Cover image for Neurosis and human growth : the struggle toward self-realization
Title:
Neurosis and human growth : the struggle toward self-realization
Author:
Horney, Karen, 1885-1952.
Personal Author:
Publication Information:
New York : Norton, [1991]

©1991
Physical Description:
391 pages ; 21 cm
General Note:
"Reissued with a new foreword 1991"--T.p. verso.
Language:
English
ISBN:
9780393307757
Format :
Book

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Library
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Material Type
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Status
Central Library RC530 .H73 1991 Adult Non-Fiction Central Closed Stacks
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Summary

Summary

Karen Horney was born in Hamburg, Germany, in 1885 and studied at the University of Berlin, receiving her medical degree in 1913. From 1914 to 1918 she studied psychiatry at Berlin-Lankwitz, Germany, and from 1918 to 1932 taught at the Berlin Psychoanalytic Institute. She participated in many international congresses, among them the historic discussion of lay analysis, chaired by Sigmund Freud.Dr. Horney came to the United States in 1932 and for two years was Associate Director of the Psychoanalytic Institute, Chicago. In 1934 she came to New York and was a member of the teaching staff of the New York Psychoanalytic Institute until 1941, when she became one of the founders of the Association for the Advancement of Psychoanalysis and the American Institute for Psychoanalysis.In Neurosis and Human Growth, Dr. Horney discusses the neurotic process as a special form of the human development, the antithesis of healthy growth. She unfolds the different stages of this situation, describing neurotic claims, the tyranny or inner dictates and the neurotic's solutions for relieving the tensions of conflict in such emotional attitudes as domination, self-effacement, dependency, or resignation. Throughout, she outlines with penetrating insight the forces that work for and against the person's realization of his or her potentialities.This 40th Anniversary Edition includes a new preface by Stephanie Steinfeld, Ph.D., and Jeffrey Rubin, M.D., of the American Institute for Psychoanalysis.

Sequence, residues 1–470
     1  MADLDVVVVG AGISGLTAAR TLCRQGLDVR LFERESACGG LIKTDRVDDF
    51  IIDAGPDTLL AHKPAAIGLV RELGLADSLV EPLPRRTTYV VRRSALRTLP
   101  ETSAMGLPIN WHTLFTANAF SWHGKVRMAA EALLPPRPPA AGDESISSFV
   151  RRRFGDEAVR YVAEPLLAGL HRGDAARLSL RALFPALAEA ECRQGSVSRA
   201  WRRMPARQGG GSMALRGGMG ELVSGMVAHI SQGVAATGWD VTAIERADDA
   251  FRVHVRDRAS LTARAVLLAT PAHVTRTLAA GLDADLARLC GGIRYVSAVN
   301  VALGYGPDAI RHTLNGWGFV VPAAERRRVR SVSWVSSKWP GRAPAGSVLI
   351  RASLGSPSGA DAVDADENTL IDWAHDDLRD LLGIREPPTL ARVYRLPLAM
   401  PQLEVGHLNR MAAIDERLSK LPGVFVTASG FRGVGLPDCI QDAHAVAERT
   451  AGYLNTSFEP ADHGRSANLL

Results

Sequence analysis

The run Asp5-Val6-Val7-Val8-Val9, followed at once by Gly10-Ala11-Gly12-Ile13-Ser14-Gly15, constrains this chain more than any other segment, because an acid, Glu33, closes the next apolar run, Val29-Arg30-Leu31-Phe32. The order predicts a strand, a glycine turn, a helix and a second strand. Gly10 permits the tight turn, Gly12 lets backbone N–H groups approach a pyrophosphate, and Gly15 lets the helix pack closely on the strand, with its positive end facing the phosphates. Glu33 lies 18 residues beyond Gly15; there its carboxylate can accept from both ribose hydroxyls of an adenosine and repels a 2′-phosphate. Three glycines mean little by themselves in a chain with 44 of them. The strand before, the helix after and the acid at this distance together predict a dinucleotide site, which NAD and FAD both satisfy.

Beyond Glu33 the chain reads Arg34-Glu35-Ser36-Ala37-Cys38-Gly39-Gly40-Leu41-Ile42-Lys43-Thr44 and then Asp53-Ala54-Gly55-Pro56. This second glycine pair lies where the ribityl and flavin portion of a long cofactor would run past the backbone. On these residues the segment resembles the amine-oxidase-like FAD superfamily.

Author Notes

Karen Danielsen Horney was a German-born American psychiatrist and psychoanalyst. Educated at the universities of Freiburg, Gottingen, and Berlin, she practiced in Europe until 1932, when she moved to the United States. Initially, she taught at the New York Psychoanalytic Institute, but with others broke away in 1941 to found the American Institute for Psychoanalysis.

Horney took issue with several orthodox Freudian teachings, including the Oedipus complex, the death instinct, and the inferiority of women. She thought that classical psychoanalytic theory overemphasized the biological sources of neuroses. Her own theory of personality stressed the sociological determinants of behavior and viewed the individual as capable of fundamental growth and change.

(Bowker Author Biography)


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